Acoustics startup - is the problem being solved, huge?


#1

Hi Paul and the PS Audio team,

Found you on Youtube – really liked your videos and forthrightness. Therefore, thought you would be the right people to ask for advice.

I am presently contemplating joining a startup where the idea is to provide wider acoustic dispersion for tweeter and full range drivers (in high freq regions) using acoustic metamaterials.

Before I decide to make the career jump, I need to understand the scope of the problem from the horse’s mouth.

Is the problem of directionality at high frequencies for loudspeaker manufacturers, sufficiently large enough that would make them pay a premium for the startup’s solution?

Assume for now, that everything works :slight_smile:

Thank you!


#2

It is a problem but the bigger question is how might you commercialize it and make a living at it. Even if you solve the problem with a new tweeter or process it’s going to be very difficult to monetize that into something that can support multiple people in a company. It’s not like it’ll be a Dolby or other tech that changes the world and therefore must be adopted for a price by a lot of manufacturers.

That’s my two cents worth anyway. That said, if you do figure something out, be sure and let us know!


#3

Not an expert, but I do know that the best known, and most successful designers all have designs they have developed over many years, I would be surprised, and impressed if you solved a problem they have all considered for many years. If it could be added to an existing speaker, like the super tweeters that are sold, maybe you could create a small business. But I don’t think it would make you rich. Like Paul said, keep us posted, and if it really is revolutionary, get it patented.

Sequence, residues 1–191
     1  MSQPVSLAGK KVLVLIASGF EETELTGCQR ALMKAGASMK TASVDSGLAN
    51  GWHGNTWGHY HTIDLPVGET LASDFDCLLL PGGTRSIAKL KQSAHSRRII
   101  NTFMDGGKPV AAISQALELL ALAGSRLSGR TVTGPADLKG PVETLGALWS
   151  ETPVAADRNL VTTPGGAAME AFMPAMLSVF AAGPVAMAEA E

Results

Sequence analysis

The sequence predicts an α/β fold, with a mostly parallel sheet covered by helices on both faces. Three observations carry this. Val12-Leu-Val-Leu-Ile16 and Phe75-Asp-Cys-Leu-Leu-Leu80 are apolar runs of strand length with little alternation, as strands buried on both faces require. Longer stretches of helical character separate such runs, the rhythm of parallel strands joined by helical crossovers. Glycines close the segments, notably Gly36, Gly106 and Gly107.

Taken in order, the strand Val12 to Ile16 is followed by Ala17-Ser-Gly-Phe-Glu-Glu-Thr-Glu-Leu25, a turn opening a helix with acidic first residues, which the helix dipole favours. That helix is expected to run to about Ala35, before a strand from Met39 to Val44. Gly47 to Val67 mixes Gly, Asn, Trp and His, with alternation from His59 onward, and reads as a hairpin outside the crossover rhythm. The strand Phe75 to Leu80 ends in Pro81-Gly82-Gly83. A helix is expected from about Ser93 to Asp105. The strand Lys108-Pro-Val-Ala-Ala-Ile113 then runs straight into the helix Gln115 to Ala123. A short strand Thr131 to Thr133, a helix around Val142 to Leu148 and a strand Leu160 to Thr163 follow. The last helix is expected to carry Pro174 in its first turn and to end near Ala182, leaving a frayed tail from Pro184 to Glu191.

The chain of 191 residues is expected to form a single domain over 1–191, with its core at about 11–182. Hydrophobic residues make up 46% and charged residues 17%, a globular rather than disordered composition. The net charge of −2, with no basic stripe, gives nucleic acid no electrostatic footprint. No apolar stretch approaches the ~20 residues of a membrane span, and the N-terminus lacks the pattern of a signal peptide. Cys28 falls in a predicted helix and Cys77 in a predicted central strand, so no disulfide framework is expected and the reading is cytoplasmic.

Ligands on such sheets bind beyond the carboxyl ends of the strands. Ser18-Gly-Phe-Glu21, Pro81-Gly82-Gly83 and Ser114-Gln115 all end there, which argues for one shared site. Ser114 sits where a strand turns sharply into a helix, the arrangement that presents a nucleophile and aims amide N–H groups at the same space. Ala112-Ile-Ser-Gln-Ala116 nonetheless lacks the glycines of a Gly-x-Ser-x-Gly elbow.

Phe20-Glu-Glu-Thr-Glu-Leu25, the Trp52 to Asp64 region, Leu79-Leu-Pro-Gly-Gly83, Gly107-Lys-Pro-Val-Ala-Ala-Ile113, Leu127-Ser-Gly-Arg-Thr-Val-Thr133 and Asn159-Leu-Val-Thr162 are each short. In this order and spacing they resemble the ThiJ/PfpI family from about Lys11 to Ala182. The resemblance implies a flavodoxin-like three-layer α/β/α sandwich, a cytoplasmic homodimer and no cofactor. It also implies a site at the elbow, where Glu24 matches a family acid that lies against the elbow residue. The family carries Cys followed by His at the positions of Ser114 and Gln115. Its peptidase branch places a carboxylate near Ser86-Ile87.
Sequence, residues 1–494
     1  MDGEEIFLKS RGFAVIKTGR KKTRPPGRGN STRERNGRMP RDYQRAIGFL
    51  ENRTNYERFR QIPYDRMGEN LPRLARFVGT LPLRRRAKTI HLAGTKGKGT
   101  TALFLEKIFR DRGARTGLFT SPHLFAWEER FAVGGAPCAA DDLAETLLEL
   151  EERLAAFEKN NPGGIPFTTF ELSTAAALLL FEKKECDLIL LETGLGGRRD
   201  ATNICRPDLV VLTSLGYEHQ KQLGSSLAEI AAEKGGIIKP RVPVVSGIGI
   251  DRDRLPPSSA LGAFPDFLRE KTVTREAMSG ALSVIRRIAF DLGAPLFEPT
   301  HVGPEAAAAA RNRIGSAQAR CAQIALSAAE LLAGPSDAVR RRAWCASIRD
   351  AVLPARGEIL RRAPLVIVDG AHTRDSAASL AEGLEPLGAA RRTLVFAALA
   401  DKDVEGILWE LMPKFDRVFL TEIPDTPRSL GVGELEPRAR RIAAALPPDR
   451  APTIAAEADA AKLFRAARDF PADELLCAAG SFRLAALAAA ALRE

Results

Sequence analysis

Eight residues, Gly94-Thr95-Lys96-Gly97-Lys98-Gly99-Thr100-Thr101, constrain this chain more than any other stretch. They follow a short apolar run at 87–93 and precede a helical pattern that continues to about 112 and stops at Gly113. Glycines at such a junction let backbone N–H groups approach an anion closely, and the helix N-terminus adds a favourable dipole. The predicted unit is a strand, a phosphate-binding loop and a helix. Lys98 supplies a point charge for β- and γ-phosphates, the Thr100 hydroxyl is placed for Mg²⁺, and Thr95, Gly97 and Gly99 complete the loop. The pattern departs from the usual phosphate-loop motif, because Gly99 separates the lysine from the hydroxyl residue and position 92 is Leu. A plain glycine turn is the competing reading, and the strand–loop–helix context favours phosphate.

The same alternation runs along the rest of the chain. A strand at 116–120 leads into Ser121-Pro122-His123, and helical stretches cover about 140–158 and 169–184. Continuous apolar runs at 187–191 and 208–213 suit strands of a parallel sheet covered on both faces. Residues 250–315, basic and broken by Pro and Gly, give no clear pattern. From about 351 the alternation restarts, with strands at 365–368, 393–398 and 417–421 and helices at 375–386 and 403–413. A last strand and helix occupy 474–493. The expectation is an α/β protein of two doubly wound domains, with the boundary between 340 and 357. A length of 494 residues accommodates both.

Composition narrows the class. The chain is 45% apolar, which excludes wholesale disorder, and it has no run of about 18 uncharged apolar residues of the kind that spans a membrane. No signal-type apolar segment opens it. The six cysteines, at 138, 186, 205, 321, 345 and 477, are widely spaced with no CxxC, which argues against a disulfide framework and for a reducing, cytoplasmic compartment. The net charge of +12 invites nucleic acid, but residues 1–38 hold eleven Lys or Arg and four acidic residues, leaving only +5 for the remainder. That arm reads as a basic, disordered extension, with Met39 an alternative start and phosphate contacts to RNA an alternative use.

#4

Thanks Paul and Jeff. I appreciate you taking time out to respond. Yes, am considering many facets to this decision and the end applications. If I do join them, will most certainly contact you again. In the meantime, this short video will give you an idea of acoustic metamaterials.

Thanks again!


#5

What caught my attention in the video is the ability to use these materials to design compact sound-absorbtive materials that can be tuned to very specific frequencies.

Controlling room acoustics (especially in the bass region) is a much bigger issue for audiophiles (and studios) than the dispersion of the transducers in their speakers, IMHO. For example, if you Google “bass traps” or “acoustic treatments” you get quite a list of purveyors which seems to indicate a real need among consumers, a robust market to supply such, and a pre-existing supply channel for an innovative new product.

Just sayin’ …


#6

Thanks Howard. You’re on the right track…there is a French startup that is making noise cancelling/reducing blocks using these materials. I like your application suggestion.


#7

I would jump on that opportunity. Sounds like really cool stuff to be working on and around.

What is your specialty?


#8

Thanks Brett. I’ve been focused on product management and licensing of technologies at tech companies - having worked in the past with Dolby.


#9

The last couple sentences in that video caught my attention! Isn’t that what most of us want as audiophiles?